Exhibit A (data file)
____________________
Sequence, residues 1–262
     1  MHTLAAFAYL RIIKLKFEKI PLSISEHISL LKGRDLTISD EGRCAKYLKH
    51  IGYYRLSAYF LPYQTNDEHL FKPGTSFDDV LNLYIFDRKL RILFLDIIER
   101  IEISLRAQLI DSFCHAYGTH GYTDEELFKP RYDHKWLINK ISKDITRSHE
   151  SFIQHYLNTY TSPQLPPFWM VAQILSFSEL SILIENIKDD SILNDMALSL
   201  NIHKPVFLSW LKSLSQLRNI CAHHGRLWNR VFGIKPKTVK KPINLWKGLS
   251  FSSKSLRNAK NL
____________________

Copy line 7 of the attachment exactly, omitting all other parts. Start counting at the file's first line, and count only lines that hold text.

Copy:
   251  FSSKSLRNAK NL